WHO discusses guidance on monkeypox amid spread

The World Health Organization is working on more guidance for countries on how to mitigate the spread of monkeypox amid concern cases could rise further in coming months, says a senior adviser to the agency. of the United Nations.

The WHO’s working theory based on the cases identified so far is that the outbreak is being driven by sexual contact, according to David Heymann, chair of the WHO Strategic and Technical Advisory Group on Infectious Hazards with Epidemic and Pandemic Potential.

He led a meeting on the outbreak on Friday.

Monkeypox is an infectious disease that is usually mild and is endemic in parts of West and Central Africa.

It is transmitted by close contact, which means it can be contained relatively easily through measures such as self-isolation and hygiene once a new case is identified.

The recent outbreak in countries where it is not endemic is highly unusual, according to scientists.

Authorities in Israel and Switzerland reported their first confirmed case of monkeypox on Saturday.

Infections have been reported in the United Kingdom, France, Germany, Belgium, Italy, the Netherlands, Sweden, Spain, Portugal, the United States, Canada, and Australia.

More than 100 confirmed or suspected cases have been reported, most of them in Europe.

Heymann, a professor at the London School of Hygiene and Tropical Medicine, said experts are likely to provide more guidance to countries in the coming days.

Health officials in several countries have warned that cases could rise further at major summer gatherings and festivals in the northern hemisphere.

“What seems to be happening now is that it has entered the population as a sexual form, as a genital form, and it is spreading like sexually transmitted infections, which has amplified its transmission around the world,” Heymann said.

He said the WHO meeting was called “because of the urgency of the situation.”

The committee is not the group that would suggest declaring a public health emergency of international concern, the WHO’s highest form of alert, which currently applies to the COVID-19 pandemic.

Instead, Heymann said the international committee of experts, meeting via videoconference, looked at what needed to be studied about the outbreak and communicated to the public, including whether there is asymptomatic spread, who is most at risk and what the various routes are. of the transmission are.

He said close contact was the key transmission route for the virus, as the typical lesions of the disease are highly infectious.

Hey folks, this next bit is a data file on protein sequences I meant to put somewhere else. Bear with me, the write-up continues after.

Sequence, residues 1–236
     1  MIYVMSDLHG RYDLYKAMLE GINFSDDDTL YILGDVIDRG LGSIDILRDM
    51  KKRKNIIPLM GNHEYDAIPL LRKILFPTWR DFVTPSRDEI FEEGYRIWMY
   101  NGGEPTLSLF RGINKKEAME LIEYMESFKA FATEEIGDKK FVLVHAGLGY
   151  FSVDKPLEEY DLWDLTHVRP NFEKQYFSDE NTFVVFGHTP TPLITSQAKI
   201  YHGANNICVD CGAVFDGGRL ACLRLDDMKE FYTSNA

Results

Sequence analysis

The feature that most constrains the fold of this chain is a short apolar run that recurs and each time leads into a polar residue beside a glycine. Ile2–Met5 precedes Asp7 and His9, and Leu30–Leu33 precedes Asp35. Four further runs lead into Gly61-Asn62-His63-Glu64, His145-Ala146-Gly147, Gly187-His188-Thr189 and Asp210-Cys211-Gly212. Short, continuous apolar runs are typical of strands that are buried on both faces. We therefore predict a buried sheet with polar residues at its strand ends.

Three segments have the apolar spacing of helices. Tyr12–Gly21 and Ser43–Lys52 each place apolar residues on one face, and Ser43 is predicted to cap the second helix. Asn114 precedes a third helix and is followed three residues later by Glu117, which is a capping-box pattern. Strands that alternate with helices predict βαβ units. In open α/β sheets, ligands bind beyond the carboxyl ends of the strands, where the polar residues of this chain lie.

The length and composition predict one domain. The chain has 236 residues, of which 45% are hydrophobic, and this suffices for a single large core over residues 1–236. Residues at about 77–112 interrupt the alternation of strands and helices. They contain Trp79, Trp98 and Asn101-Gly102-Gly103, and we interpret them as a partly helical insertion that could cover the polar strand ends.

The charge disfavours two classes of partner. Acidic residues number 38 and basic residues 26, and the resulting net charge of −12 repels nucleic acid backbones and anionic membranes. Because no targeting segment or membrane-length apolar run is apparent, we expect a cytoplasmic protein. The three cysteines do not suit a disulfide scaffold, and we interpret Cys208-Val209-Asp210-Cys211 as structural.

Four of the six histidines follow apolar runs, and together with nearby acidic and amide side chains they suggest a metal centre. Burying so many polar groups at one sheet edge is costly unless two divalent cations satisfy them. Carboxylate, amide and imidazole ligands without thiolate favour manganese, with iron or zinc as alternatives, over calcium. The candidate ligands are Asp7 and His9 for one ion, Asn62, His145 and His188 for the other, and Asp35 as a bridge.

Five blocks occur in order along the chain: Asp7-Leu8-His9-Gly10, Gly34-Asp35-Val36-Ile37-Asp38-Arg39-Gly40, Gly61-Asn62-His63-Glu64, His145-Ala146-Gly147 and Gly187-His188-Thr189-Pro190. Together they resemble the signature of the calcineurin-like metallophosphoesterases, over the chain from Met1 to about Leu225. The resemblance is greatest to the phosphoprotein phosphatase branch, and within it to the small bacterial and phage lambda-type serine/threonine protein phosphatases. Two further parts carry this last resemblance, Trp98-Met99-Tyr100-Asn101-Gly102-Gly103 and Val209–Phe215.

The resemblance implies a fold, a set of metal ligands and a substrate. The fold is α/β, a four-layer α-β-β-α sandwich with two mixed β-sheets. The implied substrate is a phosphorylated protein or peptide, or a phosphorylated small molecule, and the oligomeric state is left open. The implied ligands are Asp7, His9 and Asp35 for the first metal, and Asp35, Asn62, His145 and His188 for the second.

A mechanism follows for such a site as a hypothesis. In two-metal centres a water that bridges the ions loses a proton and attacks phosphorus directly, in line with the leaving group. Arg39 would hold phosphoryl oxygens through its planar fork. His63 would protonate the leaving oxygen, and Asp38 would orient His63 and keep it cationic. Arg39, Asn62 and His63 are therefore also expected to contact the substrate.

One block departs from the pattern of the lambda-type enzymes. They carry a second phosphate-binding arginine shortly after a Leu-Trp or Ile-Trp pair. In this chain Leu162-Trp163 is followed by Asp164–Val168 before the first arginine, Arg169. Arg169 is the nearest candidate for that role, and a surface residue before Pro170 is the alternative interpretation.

For example, parents caring for sick children are at risk, as are health care workers, which is why some countries have begun inoculating teams treating monkeypox patients using vaccines against monkeypox. smallpox, a related virus.

Many of the current cases have been identified in sexual health clinics.

Spanish authorities are investigating whether parties on the tourist island of Gran Canaria have been the source of several monkeypox infections, newspaper El Pais reported on Saturday, citing sources in the health sector.

Some 80,000 people from Spain and other countries attended the Maspalomas Gay Pride festival that took place from May 5 to 15, the newspaper wrote.

Men from Madrid, Italy and the neighboring island of Tenerife who have tested positive for the virus are said to have taken part in the festival celebrations.

Early genomic sequencing of a handful of cases in Europe suggested a similarity to the strain that spread to a limited extent in the UK, Israel and Singapore in 2018.

Heymann said it was “biologically plausible” that the virus has since been circulating outside countries where it is endemic, but has not caused major outbreaks as a result of COVID-19 lockdowns, distancing and travel restrictions.

He stressed that the monkeypox outbreak was not like the early days of the COVID-19 pandemic because it is not as easily transmitted.

Those who suspect they may have been exposed or are showing symptoms, including the typical bumpy rash and fever, should avoid close contact with other people, he said.

“Vaccines are available, but the most important message is that you can protect yourself,” he added.

with DPA reports

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